Oral sex how-to (for him)

A guide you might want to subtly leave on his bedside table…

  1. “While you’re kissing, press a thigh between her legs,” says sex expert Midori, author of Wild Side Sex (like Madonna, she only needs one name). “Now, grind in, moving up and down. It’s the washing-machine-on-spin-cycle principle – the overall vibration has a greater effect than just using a finger or two.” Noted.
  2. “Next, start to nibble through her skirt as a teasing prelude – she should soon start grinding on your face. But before her panties come off completely, try breathing and licking her through them. It’ll make for a truly explosive touchdown when your tongue finally makes direct contact with her clitoris.”
  3. Now to master your technique. “If you want to practice clitoral stimulation, put a Tic Tac in a sandwich bag. Learn to suck the mint between your lips without using your teeth, then keep it there, while using your tongue to tease it.” Well, that’s something they never mentioned in the advert.

Question Time…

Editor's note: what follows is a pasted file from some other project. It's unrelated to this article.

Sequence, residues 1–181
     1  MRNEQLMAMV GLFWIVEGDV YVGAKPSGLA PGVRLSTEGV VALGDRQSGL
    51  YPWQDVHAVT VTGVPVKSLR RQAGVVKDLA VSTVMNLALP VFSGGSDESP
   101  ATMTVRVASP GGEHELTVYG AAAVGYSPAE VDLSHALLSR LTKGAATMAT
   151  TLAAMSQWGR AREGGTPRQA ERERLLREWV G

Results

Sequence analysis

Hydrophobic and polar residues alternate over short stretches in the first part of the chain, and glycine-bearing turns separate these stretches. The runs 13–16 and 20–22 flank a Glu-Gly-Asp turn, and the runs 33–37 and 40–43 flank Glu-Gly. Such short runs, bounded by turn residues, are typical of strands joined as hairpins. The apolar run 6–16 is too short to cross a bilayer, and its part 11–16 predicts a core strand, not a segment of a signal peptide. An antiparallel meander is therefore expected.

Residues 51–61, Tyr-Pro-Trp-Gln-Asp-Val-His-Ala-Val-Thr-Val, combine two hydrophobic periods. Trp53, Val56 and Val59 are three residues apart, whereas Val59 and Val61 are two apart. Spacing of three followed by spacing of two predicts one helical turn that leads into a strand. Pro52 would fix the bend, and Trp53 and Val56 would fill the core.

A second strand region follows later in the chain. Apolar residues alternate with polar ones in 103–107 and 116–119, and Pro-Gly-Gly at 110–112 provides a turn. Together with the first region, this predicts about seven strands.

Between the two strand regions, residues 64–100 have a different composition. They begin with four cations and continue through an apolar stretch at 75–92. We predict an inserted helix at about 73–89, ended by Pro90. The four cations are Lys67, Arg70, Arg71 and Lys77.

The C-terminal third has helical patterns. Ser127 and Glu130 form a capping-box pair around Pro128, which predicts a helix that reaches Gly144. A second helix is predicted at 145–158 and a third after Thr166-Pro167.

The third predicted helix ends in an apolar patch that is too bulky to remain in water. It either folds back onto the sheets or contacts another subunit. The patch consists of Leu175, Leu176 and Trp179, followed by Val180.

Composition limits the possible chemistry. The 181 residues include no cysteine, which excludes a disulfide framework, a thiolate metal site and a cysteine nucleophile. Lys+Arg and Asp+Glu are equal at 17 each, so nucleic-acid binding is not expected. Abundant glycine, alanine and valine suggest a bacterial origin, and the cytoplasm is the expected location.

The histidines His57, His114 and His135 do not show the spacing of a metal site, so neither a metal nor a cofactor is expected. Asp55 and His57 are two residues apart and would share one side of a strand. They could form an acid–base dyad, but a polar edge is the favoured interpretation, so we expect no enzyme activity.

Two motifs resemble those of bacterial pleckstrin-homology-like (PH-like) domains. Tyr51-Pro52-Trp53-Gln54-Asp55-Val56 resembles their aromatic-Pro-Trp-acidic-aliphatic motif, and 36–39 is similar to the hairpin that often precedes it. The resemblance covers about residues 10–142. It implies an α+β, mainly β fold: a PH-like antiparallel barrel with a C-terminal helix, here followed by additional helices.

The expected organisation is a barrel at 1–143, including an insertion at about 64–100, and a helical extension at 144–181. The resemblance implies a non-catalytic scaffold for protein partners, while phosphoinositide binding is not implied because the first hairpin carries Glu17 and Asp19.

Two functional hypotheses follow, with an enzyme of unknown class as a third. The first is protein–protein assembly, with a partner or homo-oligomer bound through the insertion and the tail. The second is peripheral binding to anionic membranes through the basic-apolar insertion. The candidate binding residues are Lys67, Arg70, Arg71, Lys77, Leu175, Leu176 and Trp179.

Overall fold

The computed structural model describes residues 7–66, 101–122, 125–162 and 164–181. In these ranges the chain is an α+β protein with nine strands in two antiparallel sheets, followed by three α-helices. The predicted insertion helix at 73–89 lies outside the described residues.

Things you never learnt during high school sex ed…

Q. Can my Rabbit give me an STI?

A. If you’ve had one before, yes, you can get it again from your vibrator, says sex educator Kate McCombs. “Toys made from porous material can harbor infections. Choose silicone, glass or stainless steel and clean them in soap and hot water.” Non-electric silicone ones can even go in the dishwasher. Just watch out who unloads it.

Q. Can his cold sore give me genital herpes?

A. In a nutshell: yes. According to Dr Natalie Hinchcliffe, “The HSV 1 type (usually the oral kind) can be passed to your genitals, even if lesions aren’t present.” Cold sores on your cooch? Not ideal. Dr. Elna Rudolph adds that “the notion that HSV1 is an oral infection and HSV2 is a genital infection is no longer true.  You can get “cold sores” on your genitals and genital herpes in your mouth and on your lips.  If he has ever had a fever blister, he can give you genital herpes! The chance is slim, but not zero.  In SA 80% of people have HSV1 in their mouths – it leaves a very small minority that can safely have oral sex!”